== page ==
I continue to follow this story really closely and collect lots of links. Some recent interesting ones:
- The celebrity endorsements are starting to roll in. Two notable ones: Project Runway's Tim Gunn and Ellen DeGeneres.
- Interesting blog post on the "Yes on 8" campaign's tactics. It includes some of the most thoughtful commentary I've seen on the charge that teachers will be "forced" to teach about same-sex marriage in schools. A claim, by the way, that the CA state superintendent of schools has gone on record to refute.
- Speaking of campaign tactics, I didn't think it was possible for Yes on 8 to go lower than the blackmail attempt I posted about earlier (which, on reflection, was not only despicable, but stupid -- I suspect these companies will get way more good publicity than bad from their donations, because history has shown that pro-gay-rights boycotts have been far more effective than anti-gay-rights ones), but I was wrong:
My husband is a phone banking coach for the local No on 8 campaign. Tonight, at an update meeting, they confirmed a rumor that was circulating around the phone banking session last week: Yes on 8 supporters are calling members of gay and lesbian communities and telling them that if they support same-sex marriage, they should vote yes.
It's been clear all along that this is a campaign based on lies, but this... I don't even know what to say.
- This is one of the most fascinating videos on the subject I've seen: a Morman man talking about his church's involvement in the effort to pass Proposition 8.
It's part of a small YouTube channel devoted to Mormon's speaking against Prop 8. Some of the other videos there are also thought-provoking, even if I'm not really the intended audience.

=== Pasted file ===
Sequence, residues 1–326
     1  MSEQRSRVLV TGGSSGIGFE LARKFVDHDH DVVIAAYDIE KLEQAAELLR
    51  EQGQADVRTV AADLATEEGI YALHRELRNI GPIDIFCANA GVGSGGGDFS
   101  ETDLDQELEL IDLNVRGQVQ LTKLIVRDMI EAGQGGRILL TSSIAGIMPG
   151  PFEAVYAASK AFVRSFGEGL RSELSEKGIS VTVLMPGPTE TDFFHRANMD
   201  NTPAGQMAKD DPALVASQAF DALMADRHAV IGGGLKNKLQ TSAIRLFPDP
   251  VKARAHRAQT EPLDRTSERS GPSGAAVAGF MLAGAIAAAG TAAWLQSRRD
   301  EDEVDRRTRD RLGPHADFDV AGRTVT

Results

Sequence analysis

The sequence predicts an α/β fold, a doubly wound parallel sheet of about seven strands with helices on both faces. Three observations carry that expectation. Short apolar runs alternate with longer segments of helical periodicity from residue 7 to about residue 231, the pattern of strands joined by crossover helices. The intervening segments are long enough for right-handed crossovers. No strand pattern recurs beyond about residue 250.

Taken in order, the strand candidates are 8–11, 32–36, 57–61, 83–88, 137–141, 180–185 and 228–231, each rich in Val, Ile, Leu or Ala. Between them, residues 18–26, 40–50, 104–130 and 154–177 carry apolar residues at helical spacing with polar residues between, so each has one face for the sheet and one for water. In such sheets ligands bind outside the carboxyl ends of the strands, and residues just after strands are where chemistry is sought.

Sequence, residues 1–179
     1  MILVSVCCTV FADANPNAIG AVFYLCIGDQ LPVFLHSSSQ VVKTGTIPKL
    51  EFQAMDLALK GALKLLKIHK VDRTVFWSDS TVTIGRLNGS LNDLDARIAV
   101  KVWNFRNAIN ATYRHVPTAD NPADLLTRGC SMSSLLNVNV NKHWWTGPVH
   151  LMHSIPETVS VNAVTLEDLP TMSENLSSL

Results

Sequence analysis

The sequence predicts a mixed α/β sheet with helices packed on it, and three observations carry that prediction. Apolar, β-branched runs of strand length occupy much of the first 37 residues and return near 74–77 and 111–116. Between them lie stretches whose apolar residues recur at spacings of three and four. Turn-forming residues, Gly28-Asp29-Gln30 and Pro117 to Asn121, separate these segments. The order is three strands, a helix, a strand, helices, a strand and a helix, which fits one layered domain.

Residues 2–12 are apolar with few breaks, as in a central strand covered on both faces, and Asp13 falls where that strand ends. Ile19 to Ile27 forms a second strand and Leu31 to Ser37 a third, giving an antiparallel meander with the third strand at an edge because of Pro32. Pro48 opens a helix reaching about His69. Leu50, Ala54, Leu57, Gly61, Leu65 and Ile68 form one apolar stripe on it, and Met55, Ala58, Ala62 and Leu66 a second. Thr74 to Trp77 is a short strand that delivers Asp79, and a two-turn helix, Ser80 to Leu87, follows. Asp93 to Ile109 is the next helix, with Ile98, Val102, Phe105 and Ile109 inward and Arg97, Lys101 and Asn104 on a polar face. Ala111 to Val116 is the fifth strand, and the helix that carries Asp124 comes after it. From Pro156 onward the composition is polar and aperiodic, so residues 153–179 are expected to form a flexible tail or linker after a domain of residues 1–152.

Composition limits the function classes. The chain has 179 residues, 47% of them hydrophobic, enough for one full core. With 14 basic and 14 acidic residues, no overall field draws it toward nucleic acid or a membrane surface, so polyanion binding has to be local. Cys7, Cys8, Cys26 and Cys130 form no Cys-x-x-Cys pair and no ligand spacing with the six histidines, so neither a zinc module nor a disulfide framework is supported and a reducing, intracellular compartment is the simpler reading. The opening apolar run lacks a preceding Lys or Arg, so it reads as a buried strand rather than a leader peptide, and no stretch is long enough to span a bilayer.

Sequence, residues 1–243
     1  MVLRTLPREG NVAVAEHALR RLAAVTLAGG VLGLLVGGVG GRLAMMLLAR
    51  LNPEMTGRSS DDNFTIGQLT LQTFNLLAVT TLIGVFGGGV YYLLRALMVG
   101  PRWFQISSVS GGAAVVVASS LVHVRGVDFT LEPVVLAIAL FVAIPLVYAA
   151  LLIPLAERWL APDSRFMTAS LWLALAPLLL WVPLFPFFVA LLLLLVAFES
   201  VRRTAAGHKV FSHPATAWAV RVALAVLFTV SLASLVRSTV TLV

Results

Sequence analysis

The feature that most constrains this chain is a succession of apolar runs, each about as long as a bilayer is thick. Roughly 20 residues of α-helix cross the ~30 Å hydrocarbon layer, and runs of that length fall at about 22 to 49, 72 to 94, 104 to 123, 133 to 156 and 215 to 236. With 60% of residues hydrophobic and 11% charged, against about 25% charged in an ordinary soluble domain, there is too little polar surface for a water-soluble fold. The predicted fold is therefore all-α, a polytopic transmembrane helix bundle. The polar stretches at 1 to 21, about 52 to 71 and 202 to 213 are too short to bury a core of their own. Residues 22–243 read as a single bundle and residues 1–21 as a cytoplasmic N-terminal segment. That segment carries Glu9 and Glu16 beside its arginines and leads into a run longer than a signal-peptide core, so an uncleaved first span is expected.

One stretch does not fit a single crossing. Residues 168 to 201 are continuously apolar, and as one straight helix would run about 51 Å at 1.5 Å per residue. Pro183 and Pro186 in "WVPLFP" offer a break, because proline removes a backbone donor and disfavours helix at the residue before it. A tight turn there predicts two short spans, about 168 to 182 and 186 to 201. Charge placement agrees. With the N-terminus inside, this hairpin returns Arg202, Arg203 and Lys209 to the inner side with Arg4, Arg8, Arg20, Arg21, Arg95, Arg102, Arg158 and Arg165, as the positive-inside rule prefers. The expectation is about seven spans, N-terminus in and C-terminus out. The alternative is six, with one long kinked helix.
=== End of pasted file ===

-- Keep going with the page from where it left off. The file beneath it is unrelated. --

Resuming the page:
- Election polling maven Nate Silver (of fivethirtyeight.com) wrote about the polling on Prop 8 yesterday. He analyses most of the polls he can find on the subject (excluding internal polling -- he finds them untrustworthy because campaigns tend to cherry-pick the polls that they will tell the world about) and concludes that the proposition has about a 45% chance of passing. Which is far too close to my comfort, and so...
- Jed posts information on volunteering for the No on Prop 8 campaign. And I think I'm going to do it. I've never volunteered for a political campaign before, but then I don't know that I've ever felt this strongly about a campaign issue before, either. Strongly enough that I'm willing to talk to strangers on the phone? Yeah, I think I do. (So if any locals are interested in going to the SF office this weekend or next, drop me a line.)
So, the sharp-eyed among you have probably noticed that I've posted a lot about Proposition 8, and about same-sex marriage in general. This might lead you to suspect that I feel strongly about this issue. And you'd be right. Marriage equality, and gay rights in general, and tolerance and equal rights for all kinds of people across the board, are the causes that raise my passion. I may even care more about this proposition than I do the presidential election. It might seem odd to say that, when so many other states have already passed constitutional amendments against same-sex marriage. But this isn't just another "defense of marriage act". Not just because it's my state, my home, although I'm sure that factors into it. But same-sex marriage is legal in California. If Prop 8 passes, it could nullify legal marriages
-- 11,000 of them at last count. Including those of friends, co-workers, family. If that's not a reason to get personally, emotionally involved, what is?
I still believe that history will prove us right, and that we will win marriage equality in the United States, probably in my lifetime. But if this measure passes, it sets the struggle back, quite significantly. And I've already been to two wedding receptions for my aunts; I'd really rather not have to make it a third. So I write, and I work, and I'll hope. And I'll cross my fingers that we'll have many reasons to celebrate on November 4th.